^ Romare Bearden Train Whistle Blues No. 1 1964
Romare Bearden (1911-1988) used Dada collage techniques developed while studying with George Grosz at NYC’s Arts Student League to create groundbreaking collages that led him to be hailed as one of America’s greatest 20th century’s artists. His work mixes scenes of everyday life for African Americans in mid-century USA with mythological and pastoral imagery and scenes of religious ritual. For Bearden, collage symbolised ‘the coming together of tradition and communities’.
Inspired also by Mexican muralists such as Diego Rivera and José Clemente Orozco, Bearden brought communal spirit to his compositions. It was during the Civil Rights Movement that Bearden’s collages found an intersection between activism, community and current events. He saw collage as a socially responsible mouthpiece where he could transmute news and magazine coverage into political statements. Much like the Pop Artists and Dadaists, he was a pioneer in using popular and everyday materials – in this case glossy magazines – in order to make larger comments.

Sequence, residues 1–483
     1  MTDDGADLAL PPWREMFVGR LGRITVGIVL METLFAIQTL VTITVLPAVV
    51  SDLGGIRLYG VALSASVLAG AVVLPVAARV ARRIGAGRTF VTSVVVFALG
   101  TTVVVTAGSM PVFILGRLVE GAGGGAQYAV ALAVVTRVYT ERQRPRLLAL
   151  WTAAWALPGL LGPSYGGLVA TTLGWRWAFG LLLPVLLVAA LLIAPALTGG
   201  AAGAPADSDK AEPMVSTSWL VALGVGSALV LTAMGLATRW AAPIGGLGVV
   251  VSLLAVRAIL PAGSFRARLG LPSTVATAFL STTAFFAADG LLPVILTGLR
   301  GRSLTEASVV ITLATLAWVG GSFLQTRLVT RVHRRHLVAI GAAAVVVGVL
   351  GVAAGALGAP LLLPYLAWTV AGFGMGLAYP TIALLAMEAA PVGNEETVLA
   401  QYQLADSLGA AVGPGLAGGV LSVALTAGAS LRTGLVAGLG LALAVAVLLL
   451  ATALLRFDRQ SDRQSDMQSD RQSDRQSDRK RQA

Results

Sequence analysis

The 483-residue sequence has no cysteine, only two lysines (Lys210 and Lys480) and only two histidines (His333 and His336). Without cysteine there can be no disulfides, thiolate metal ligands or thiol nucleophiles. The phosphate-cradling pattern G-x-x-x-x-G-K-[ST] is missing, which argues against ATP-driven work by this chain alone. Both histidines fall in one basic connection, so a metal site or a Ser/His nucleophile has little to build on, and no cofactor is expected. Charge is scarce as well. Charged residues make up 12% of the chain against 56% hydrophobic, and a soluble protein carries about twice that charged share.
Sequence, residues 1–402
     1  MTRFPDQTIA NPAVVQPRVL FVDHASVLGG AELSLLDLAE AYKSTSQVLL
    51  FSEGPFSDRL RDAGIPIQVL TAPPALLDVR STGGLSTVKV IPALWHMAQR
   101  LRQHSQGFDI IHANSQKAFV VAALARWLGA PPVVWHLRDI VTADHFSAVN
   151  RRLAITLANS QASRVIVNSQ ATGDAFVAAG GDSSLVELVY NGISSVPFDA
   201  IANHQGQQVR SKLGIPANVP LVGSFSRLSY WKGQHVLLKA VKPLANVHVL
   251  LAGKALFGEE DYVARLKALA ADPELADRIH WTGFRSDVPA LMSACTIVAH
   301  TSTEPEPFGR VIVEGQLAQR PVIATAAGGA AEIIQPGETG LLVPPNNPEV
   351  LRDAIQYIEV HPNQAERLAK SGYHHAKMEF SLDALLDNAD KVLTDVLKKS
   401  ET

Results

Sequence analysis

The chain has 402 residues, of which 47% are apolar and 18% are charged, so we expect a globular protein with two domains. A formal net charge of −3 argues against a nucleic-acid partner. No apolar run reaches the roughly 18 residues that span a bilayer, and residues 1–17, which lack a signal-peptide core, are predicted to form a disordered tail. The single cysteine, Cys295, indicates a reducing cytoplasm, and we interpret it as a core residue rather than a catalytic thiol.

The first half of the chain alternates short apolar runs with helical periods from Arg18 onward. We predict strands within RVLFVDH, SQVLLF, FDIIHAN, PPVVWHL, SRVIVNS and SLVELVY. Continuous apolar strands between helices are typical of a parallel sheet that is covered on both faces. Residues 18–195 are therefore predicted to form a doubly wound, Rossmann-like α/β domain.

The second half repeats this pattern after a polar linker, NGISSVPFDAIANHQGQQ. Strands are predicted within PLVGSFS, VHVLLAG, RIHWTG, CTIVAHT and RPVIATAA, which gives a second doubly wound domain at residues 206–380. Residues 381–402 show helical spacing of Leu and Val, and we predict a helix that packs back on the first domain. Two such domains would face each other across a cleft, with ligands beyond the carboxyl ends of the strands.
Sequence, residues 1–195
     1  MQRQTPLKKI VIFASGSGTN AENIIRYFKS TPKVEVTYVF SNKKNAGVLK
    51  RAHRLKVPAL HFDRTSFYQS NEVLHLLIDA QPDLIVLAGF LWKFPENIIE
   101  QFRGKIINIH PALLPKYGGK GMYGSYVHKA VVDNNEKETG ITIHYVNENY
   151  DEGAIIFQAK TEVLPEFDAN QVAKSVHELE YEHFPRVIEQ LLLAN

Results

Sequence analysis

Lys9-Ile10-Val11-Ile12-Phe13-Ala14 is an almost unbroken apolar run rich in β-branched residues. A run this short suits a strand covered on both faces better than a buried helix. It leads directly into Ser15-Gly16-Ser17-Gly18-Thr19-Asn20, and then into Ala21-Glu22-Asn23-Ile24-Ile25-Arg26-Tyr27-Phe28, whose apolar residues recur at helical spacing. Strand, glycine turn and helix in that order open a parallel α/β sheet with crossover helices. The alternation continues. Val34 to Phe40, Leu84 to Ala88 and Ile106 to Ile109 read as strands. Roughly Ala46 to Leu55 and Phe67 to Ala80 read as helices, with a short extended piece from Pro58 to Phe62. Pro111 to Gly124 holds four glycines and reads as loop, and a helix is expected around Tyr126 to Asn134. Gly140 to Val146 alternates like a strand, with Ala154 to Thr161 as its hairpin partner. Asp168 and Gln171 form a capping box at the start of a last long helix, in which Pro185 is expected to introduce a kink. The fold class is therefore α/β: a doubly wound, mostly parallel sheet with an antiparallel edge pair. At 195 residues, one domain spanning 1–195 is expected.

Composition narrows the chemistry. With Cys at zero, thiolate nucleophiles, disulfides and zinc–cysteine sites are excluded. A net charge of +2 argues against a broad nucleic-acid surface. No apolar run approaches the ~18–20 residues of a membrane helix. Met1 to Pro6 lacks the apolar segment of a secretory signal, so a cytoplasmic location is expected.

The artist confronts chaos. The whole thing of art is, how do you organize chaos?Romare Bearden
The contemporary moment was also rendered through Classical allegory, as hew would recast the likes of Odysseus as African-American, drawing a through-line of the universal into the stories he told. The power of collage and photomontage is its ability to collapse time and space, telling new stories from old materials, which Bearden took up as a challenge to connect real life with the abstract.
- Romare Bearden Foundation – website
- MoMA Listing: Romare Bearden – website
- Romare Bearden’s Collage, A Centennial Celebration – website
- The art of Romare Bearden – teaching resource (PDF)
- Romare Bearden: American Modernist (2011) – book
- The art of Romare Bearden (2003) – book
- Six Black Masters of American Art (1972) – book